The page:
Complainant and Respondent had another exchange of emails on October 17 and November 11, 2002, in which Respondent stated, in part, as follows:

[B]eing a business person, and a pragmatic one at that, I will listen to what you have to offer. Please don’t insult me, by offering me a multiple of what I paid to register it. I am very familiar with domain names, and have purchased several in the past, some in the 6 figure range. As a person that understands the value of domain names, I implore you to make an appropriate offer, and not waste either of our time.

Complaint, Annex 1, Exhibits K through M.

The disputed domain name was registered on November 18, 2007.


5. Parties’ Contentions

A. Complainant

Complainant contends that there can be no doubt that Respondent’s <wwwclassmates.com> domain name is confusingly similar to Complainant’s CLASSMATES marks. It notes that the only difference between the disputed domain name and Complainant’s CLASSMATES marks is the addition of the “www” prefix. According to Complainant, the registration and use of the <wwwclassmates.com> domain name by Respondent amounts to unlawful typosquatting.

Complainant further urges that Respondent has no rights or legitimate interests in the <wwwclassmates.com> domain name because Respondent has no trademark or intellectual property rights in the name or any word or part thereof and is not commonly known by the domain name. “Instead, Respondent’s inclusion of a ‘www’ prefix with Complainant’s registered CLASSMATES marks is merely an attempt to trade upon the goodwill associated with those marks, mislead and divert consumers to the website of one of Classmates.com’s competitors,” Complainants asserts.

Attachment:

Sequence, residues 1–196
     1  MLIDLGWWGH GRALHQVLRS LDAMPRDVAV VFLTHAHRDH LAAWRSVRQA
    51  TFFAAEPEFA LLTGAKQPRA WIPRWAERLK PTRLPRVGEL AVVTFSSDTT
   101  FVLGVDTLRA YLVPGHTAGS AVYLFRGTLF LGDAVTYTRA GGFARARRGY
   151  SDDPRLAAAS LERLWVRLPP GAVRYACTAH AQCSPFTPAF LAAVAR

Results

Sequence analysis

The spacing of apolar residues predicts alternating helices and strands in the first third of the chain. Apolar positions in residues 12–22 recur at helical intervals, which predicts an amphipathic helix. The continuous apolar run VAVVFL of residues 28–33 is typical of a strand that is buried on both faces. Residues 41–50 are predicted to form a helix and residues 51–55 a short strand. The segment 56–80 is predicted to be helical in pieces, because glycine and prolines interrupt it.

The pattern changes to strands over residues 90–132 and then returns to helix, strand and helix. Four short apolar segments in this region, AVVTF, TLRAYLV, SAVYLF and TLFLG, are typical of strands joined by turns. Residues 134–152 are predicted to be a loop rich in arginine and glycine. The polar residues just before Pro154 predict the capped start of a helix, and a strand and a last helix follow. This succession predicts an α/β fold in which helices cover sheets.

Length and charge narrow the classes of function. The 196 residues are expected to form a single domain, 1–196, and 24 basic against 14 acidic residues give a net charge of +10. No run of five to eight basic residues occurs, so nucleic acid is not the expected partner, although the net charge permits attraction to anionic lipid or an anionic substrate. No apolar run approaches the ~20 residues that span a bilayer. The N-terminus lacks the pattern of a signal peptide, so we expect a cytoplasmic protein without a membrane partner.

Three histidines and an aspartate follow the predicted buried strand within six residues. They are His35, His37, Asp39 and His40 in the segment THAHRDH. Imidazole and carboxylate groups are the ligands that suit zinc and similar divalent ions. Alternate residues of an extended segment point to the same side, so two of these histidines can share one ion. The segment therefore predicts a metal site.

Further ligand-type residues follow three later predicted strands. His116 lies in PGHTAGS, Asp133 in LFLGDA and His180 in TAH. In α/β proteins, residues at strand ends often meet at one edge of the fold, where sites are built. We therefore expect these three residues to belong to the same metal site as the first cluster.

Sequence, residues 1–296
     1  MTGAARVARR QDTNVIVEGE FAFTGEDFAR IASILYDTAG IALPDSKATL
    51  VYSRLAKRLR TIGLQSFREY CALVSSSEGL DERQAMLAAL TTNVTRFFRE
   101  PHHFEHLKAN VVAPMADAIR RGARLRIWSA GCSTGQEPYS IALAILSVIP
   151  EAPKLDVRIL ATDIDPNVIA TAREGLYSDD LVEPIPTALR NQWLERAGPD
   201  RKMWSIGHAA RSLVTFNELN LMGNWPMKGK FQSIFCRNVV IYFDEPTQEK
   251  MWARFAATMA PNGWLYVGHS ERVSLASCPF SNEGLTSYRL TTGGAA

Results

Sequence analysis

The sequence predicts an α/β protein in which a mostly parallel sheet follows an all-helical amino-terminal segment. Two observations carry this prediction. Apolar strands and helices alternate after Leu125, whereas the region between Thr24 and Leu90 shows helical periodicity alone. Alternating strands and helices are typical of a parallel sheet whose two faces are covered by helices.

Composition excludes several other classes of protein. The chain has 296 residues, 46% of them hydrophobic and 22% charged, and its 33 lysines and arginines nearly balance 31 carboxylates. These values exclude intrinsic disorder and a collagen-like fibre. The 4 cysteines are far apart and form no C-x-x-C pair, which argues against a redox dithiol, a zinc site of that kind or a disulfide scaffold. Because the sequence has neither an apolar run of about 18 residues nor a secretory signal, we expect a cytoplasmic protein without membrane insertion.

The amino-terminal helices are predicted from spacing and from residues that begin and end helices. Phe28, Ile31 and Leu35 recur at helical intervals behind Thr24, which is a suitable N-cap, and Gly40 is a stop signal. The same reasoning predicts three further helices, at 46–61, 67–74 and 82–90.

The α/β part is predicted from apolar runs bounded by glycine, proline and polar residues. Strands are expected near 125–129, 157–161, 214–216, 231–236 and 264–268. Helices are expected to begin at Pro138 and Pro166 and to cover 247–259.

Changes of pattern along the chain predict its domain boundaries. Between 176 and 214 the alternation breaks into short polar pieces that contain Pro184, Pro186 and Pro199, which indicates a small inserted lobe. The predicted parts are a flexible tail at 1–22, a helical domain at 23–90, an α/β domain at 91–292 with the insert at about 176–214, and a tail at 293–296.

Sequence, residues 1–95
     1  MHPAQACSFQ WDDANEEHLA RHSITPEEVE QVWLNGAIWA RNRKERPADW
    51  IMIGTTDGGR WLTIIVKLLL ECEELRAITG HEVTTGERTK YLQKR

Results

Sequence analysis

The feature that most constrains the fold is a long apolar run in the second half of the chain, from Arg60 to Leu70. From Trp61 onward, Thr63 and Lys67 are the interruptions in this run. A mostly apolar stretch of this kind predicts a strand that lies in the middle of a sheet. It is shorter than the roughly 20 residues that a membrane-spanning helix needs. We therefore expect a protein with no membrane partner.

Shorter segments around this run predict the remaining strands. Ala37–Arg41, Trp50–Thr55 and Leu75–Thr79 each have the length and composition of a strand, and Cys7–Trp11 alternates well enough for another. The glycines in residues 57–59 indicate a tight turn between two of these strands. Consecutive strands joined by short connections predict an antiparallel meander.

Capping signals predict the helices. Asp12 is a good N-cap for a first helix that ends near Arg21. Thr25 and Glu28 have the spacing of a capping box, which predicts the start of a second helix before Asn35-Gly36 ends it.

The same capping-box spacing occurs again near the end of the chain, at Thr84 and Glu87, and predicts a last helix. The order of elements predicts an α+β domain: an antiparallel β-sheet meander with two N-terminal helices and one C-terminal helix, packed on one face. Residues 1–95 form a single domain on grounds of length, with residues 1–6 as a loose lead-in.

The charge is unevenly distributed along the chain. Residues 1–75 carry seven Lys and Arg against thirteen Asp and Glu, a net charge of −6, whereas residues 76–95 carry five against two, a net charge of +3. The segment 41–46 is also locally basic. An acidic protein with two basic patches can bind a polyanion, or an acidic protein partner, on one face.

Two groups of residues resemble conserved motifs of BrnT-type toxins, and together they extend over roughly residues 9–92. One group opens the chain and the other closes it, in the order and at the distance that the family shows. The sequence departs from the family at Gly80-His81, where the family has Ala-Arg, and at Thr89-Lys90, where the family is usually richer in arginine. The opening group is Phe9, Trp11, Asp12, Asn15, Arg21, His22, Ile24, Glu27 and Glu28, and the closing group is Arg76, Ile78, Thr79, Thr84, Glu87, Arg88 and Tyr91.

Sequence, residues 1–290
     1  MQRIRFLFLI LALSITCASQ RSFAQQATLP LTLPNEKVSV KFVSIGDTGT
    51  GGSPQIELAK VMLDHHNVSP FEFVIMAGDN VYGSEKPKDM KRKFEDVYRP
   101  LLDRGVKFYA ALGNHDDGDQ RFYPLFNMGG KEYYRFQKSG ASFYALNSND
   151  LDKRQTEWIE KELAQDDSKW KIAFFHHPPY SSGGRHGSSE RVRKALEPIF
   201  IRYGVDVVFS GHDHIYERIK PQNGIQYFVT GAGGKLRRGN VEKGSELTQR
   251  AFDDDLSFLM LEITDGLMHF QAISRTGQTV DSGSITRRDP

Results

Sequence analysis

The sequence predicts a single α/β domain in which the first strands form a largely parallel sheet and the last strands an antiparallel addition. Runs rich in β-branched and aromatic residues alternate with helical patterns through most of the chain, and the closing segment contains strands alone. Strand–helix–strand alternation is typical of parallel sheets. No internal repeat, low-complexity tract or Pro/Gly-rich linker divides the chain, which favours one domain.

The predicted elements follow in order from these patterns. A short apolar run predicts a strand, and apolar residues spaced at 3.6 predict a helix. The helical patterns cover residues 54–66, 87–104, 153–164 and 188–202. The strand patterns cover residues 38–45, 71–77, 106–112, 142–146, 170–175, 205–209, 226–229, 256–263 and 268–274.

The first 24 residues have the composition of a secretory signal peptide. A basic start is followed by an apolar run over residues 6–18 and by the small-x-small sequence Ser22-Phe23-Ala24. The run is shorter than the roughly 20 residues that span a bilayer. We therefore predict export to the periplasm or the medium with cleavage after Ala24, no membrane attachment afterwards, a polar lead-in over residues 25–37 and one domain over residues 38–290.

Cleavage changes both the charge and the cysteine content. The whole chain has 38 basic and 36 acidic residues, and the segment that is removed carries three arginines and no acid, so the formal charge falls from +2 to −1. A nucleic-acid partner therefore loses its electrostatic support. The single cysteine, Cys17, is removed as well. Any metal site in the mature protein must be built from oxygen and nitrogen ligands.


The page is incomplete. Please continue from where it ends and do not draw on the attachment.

Complainant argues that the disputed domain name was registered and is being used in bad faith because: (1) Respondent has suggested that Complainant offer a significant amount of money in order to purchase the infringing domain name; (2) Respondent has registered and is using the infringing domain name primarily for the purpose of trading upon the goodwill of Complainant’s CLASSMATES marks in a blatant attempt to disrupt Complainant’s business by luring Internet users to a competitor’s site; and (3) Respondent’s clear aim is to create a likelihood of confusion among Complainant’s consumer base due to a common typographical error (i.e., the failure to include a period after “www”) made when typing in Complainant’s Internet address and well-known name. “Respondent’s unlawful typosquatting should not be tolerated”, Complainant asserts.

B. Respondent

In the Response, Respondent makes two arguments. First, that the evidence does not support a determination that Respondent registered the domain name primarily for the purpose of selling it to Complainant and, second, that the term “classmates” is generic and, thus, not a protectable mark. In support of the latter argument, Respondent cites a 1999 USPTO guideline regarding the registration of domain names and a dictionary definition of the term “classmates” as “a member of the same class at school”.


6. Discussion and Findings

A. Identical or Confusingly Similar

The Panel finds that the disputed domain name <wwwclassmates.com> is, for all intents and purposes, identical to the CLASSMATES marks. The domain name incorporates the mark in its entirety. The addition in the domain name of the top-level domain “com” is without legal significance. See VAT Holding AG v. vat.com, WIPO Case No. D2000-0607 (<vat.com> identical to VAT trademark). Further the use of the prefix “www” in the challenged domain name does not avoid a determination of identity or confusing similarity under element 1 of the Policy. See New Century Corp. v. Dakasi, WIPO Case No. D2006-1630 (<wwwhome123.com> identical or confusingly similar with HOME 1-2-3 mark); Network Solutions, LLC v. KerryWeb Enterprise, Inc., WIPO Case No. 2006-1560 (<wwwnetworksolutions.net> confusingly similar to NETWORK SOLUTIONS mark).